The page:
With a good quality plasma cutter, the serious do-it-yourselfer can lower cutting costs while improving productivity. Craftspeople who’ve experienced air plasma arc cutting can see the huge difference from standard oxyacetylene or mechanical cutting involving the use of snips, shears, saws and cut-off wheels. The plasma cutter eliminates the need for going through a preheat cycle and is able to cut any electricity-conducting metal while enabling effortless portability and reducing the heat-affected zone. Cuts obtained are characterized with small kerfs (cut ends or slits). If you need to trace shapes, cut holes, bevel, gouge or pierce smoothly and in less time, make sure to observe the following procedures for using a plasma cutter.
Make sure everything you need is in the package
A complete plasma cutter package includes all the torches and cords for use with the plasma cutter itself. Make sure you have a work or ground clamp as well. You also need the right power cord. Some models come with pigtail adapters for 220-volt current and 110-volt current. Plug the correct pigtail adapter to the power cord.
Everything in the package comes in a heavy-duty carrying case, which keeps all the items required to operate the machine in just one place, including consumables and consumables cases.
Set up the workpiece
Take the ground clamp and affix it to the workpiece.Make sure the ground clamp is attached close to the exact spot where you will cut. Although the metal you work on has light surface rust in places or has some heavy coating of mill scale, those factors won’t really cause plenty of issues to what you are going to do. One great advantage to plasma cutting is the method can cut through thick rust, but you may not be able to get a good ground through. To handle this issue, just wiggle the clamp through the surface till the teeth are able to dig through the rust, Should the rust be really heavy on the surface, work it off using a good quality grinder to give the ground clamp a spot on which to attach. The working surface should be safe while enabling you to move freely. Using a grate or something similar as a worktable should be just fine.
Select the correct tip suitable for the amperage setting
A tip used for lower amperage settings features a small orifice to ensure maintenance of a narrow stream of plasma at the exact low setting. If you have an 80-amp setting and use a tip designed for 40 amps only, the orifice of the tip will get distorted and this will also decrease the life of the consumable. On the other hand, you won’t be able to focus the plasma stream that well when you work at lower settings utilizing an 80-amp tip, which also results in a wider kerf. To cut in corners, utilize patterns or work in tight areas, you need to get further reach via extended tips.
With faster travel speeds, you can get cleaner cuts, especially on aluminum. Adjust the machine to full output and vary your travel speed as well when working on thick material. For thin material, use low amperage settings and change to a low-amperage tip to get a steady narrow kerf.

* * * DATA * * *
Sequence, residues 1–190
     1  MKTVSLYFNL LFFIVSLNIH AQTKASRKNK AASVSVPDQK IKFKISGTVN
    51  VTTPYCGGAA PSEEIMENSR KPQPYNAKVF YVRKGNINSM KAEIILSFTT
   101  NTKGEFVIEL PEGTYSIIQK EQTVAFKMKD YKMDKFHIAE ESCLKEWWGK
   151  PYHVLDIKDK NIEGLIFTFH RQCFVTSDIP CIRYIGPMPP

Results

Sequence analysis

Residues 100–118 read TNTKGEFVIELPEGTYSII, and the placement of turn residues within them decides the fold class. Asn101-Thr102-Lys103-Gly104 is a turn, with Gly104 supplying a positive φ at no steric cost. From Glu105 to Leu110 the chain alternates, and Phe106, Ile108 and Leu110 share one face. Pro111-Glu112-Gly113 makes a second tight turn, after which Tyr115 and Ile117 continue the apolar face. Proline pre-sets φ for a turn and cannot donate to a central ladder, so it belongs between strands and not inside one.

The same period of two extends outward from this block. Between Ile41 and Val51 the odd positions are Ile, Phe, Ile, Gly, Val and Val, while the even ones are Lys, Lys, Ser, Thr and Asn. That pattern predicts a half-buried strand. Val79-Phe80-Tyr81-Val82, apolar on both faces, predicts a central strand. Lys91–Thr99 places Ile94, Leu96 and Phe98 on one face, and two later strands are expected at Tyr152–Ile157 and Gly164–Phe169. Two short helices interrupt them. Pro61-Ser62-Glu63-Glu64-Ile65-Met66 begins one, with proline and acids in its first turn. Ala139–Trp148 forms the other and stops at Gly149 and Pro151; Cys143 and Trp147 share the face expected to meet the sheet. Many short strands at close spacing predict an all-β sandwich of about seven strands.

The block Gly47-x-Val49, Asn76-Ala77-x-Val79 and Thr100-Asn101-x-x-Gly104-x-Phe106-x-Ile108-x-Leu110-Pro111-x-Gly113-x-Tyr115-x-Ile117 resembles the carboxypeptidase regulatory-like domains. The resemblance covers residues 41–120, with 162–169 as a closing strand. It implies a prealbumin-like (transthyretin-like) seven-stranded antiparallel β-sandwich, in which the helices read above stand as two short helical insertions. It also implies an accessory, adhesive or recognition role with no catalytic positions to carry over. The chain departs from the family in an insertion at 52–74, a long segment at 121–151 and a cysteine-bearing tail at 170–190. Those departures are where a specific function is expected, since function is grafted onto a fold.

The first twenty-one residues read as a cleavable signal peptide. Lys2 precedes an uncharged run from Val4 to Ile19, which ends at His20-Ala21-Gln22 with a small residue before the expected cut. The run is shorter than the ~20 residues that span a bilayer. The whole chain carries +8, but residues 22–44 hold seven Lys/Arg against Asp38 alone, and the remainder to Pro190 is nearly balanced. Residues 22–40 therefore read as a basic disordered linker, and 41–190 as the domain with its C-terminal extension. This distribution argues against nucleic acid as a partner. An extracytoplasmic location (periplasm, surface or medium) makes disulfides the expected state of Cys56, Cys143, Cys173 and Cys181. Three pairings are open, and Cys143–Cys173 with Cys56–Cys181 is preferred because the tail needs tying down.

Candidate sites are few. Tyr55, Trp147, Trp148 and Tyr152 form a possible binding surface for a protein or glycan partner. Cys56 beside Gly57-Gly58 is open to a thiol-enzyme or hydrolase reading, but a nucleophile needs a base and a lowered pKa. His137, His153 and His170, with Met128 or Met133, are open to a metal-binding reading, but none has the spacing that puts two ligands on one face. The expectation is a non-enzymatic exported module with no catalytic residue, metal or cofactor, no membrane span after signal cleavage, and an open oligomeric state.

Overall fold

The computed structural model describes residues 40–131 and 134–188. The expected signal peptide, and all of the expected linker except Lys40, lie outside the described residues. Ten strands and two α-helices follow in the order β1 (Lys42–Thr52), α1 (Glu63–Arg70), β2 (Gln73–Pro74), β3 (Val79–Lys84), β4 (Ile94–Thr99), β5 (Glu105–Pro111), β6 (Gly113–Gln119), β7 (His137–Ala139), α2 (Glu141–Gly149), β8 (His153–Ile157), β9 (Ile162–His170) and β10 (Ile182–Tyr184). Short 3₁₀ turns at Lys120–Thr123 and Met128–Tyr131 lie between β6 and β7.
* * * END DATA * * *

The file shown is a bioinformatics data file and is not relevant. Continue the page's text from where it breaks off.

Set up the machine with the right air pressure
Plug the machine in. Connect the air hose to the back of the machine. Turn the air flow on. Make sure you have clean, dry air, as running wet air can also result in a waste of consumables, and the machine is not going to cut as well as it should. Blow the moisture out to drain the the bottom of the air compressor.
Some units have a regulator knob sticking out the side of an air compressor tank, which allows you to dial in the exact air pressure you need. Other models have an LED regulator. A top-mounted knob is to be turned until the middle LED lights up, indicating the machine is ready to go. An automatic internal regulator ensures safe operations. Set the current based on the gauge rating of the metal you will be working on.
It will be a good idea to make a sample cut first using the same type of material you will be cutting to make sure you have set the right setting and travel speed. The trigger activates the machine. Typically, the trigger is equipped with a safety system that has to be lifted first before the trigger itself is depressed. Engage the pilot arc, which burns through any rust, paint or grease that may be on the workpiece and comes in contact with the workpiece itself. At this point, the larger cutting arc takes over.
Make sure the cutter stays close to the metal. Use the guide around the nozzle to cut with templates when available. Some plasma cutters come with a drag shield, which enables the user to leave the torch on the surface of the workpiece while ensuring that the tip doesn’t come in contact with the metal. Allowing the tip to touch the surface of your workpiece will not only shorten consumable life but will also ruin the quality of the cut.
For models without a drag shield, use your other hand to support the hand you are using to hold the plasma cutter.
The cutting arc should exit the workpiece at a 15- to 20-degree angle opposite the travel direction. If the arc travels straight down, the user may not be moving at an optimal speed. On the other hand, you are moving too fast if the arc sprays back.
After cutting, turn the machine off and detach the clamp.